Synopses & Reviews
Ray Bradbury's moving recollection of a vanished golden era remains one of his most enchanting novels. Dandelion Wine
stands out in the Bradbury literary canon as the author's most deeply personal work, a semi-autobiographical recollection of a magical small-town summer in 1928.
Twelve-year-old Douglas Spaulding knows Green Town, Illinois, is as vast and deep as the whole wide world that lies beyond the city limits. It is a pair of brand-new tennis shoes, the first harvest of dandelions for Grandfather's renowned intoxicant, the distant clang of the trolley's bell on a hazy afternoon, It is yesteryear and tomorrow blended into an unforgettable always. But as young Douglas is about to discover, summer can be more than the repetition of established rituals whose mystical power holds time at bay. It can be a best friend moving away, a human time machine who can transport you back to the Civil War, or a sideshow automaton able to glimpse the bittersweet future.
Come and savor Bradbury's priceless distillation of all that is eternal about boyhood and summer.
An endearing classic of childhood fancies and memories of an idyllic Midwestern summer from America's most beloved storyteller.
About the Author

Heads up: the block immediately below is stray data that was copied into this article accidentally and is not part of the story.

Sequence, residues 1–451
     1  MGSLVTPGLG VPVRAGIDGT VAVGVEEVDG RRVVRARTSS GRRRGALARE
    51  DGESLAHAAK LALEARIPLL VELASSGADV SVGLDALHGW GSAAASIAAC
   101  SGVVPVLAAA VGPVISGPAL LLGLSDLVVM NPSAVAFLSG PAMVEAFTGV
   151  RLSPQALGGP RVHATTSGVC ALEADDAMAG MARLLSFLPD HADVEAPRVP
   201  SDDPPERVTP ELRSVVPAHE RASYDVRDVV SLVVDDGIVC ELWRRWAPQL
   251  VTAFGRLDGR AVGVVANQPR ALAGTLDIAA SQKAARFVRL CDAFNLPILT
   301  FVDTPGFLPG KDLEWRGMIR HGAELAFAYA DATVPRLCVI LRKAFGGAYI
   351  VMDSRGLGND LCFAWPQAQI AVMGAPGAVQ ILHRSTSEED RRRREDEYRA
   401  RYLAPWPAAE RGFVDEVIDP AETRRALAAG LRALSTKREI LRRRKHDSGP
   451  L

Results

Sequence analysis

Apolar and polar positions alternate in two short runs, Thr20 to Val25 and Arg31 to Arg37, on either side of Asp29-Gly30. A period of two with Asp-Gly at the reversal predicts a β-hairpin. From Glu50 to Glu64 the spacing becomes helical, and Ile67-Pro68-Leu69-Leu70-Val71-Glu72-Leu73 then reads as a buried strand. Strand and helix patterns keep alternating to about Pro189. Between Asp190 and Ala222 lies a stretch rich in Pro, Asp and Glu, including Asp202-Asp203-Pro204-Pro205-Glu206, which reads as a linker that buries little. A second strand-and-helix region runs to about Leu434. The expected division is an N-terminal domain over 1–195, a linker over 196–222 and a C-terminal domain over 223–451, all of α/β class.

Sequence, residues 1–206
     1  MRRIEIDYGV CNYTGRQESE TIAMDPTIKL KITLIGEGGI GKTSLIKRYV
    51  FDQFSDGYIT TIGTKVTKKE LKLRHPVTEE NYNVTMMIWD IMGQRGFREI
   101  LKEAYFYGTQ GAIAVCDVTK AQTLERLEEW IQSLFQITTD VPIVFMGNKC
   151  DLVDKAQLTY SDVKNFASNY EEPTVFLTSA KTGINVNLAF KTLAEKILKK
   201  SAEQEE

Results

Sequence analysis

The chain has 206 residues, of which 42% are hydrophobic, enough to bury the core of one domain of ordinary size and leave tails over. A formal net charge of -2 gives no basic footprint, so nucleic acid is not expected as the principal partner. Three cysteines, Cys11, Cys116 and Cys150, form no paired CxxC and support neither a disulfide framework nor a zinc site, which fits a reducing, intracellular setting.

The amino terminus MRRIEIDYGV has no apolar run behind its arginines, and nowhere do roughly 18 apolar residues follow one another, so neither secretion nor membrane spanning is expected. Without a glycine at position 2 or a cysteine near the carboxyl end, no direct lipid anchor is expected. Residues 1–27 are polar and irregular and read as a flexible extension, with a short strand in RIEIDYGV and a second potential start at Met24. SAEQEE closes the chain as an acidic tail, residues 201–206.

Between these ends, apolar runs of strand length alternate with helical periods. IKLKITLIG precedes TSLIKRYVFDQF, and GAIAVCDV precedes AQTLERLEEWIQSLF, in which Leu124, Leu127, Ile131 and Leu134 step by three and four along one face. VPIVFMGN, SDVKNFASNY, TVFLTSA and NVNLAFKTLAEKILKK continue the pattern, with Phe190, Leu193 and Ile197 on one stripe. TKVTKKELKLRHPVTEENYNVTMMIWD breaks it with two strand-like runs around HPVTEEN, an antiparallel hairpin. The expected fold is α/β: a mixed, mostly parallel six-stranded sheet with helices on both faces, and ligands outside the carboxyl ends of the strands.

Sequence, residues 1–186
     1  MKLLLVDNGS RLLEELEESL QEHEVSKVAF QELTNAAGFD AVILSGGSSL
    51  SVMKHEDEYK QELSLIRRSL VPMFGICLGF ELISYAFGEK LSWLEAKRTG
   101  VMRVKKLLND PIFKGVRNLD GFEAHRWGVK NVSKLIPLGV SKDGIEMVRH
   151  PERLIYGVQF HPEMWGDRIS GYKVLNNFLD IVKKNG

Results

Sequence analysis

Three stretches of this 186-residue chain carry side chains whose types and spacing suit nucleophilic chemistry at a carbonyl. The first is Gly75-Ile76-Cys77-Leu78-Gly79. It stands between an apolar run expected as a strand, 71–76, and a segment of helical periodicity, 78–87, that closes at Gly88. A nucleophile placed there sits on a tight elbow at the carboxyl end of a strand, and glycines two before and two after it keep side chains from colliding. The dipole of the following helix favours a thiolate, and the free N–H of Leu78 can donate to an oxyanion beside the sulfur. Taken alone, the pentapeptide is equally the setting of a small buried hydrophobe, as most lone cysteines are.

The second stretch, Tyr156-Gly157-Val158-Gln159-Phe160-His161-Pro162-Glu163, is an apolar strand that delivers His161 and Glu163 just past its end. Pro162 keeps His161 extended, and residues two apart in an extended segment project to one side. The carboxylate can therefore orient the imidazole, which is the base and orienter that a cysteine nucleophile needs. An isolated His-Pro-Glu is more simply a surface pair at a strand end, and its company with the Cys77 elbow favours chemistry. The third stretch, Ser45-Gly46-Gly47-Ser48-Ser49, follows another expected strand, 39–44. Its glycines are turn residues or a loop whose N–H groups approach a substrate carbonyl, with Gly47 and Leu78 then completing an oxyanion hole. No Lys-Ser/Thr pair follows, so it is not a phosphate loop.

Ray Bradbury (1920-2012) was an American novelist, short story writer, essayist, playwright, screenwriter, and poet. He became a full-time writer in 1943 and contributed numerous short stories to periodicals before publishing a collection of them, Dark Carnival, in 1947.His reputation as a writer of courage and vision was established with the publication of The Martian Chronicles in 1950, which describes Earthlings' first attempts to conquer and colonize Mars and the unintended consequences. Next came The Illustrated Man and Fahrenheit 451, which many consider to be Bradbury's masterpiece. Other works by Bradbury include The October Country, Dandelion Wine, A Medicine for Melancholy, Something Wicked This Way Comes, I Sing the Body Electric! Quicker Than the Eye, and Driving Blind. In all, Bradbury published more than thirty books and close to six hundred short stories. He has been awarded the O. Henry Memorial Award, the Benjamin Franklin Award, the World Fantasy Award for Lifetime Achievement, the Grand Master Award from the Science Fiction Writers of America, and the PEN Center USA West Lifetime Achievement Award, among others. Stephen Hoye has won thirteen AudioFile Earphones Awards and two prestigious APA Audie Awards, including one for the New York Times bestseller Rich Dad, Poor Dad by Robert T. Kiyosaki. A graduate of London's Guildhall and a veteran of London's West End, Stephen has recorded many other notable titles, such as Every Second Counts by Lance Armstrong and The Google Story by David A. Vise and Mark Malseed.